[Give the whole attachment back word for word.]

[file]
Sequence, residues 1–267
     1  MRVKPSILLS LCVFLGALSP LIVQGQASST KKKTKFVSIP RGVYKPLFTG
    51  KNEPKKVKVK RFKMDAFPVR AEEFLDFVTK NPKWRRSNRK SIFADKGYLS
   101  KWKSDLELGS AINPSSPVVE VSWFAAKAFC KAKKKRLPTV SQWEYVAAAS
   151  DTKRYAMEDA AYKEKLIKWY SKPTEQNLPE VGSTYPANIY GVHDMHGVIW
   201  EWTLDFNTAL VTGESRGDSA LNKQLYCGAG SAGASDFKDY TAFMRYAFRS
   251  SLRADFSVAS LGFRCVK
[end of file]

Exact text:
Sequence, residues 1–267
     1  MRVKPSILLS LCVFLGALSP LIVQGQASST KKKTKFVSIP RGVYKPLFTG
    51  KNEPKKVKVK RFKMDAFPVR AEEFLDFVTK NPKWRRSNRK SIFADKGYLS
   101  KWKSDLELGS AINPSSPVVE VSWFAAKAFC KAKKKRLPTV SQWEYVAAAS
   151  DTKRYAMEDA AYKEKLIKWY SKPTEQNLPE VGSTYPANIY GVHDMHGVIW
   201  EWTLDFNTAL VTGESRGDSA LNKQLYCGAG SAGASDFKDY TAFMRYAFRS
   251  SLRADFSVAS LGFRCVK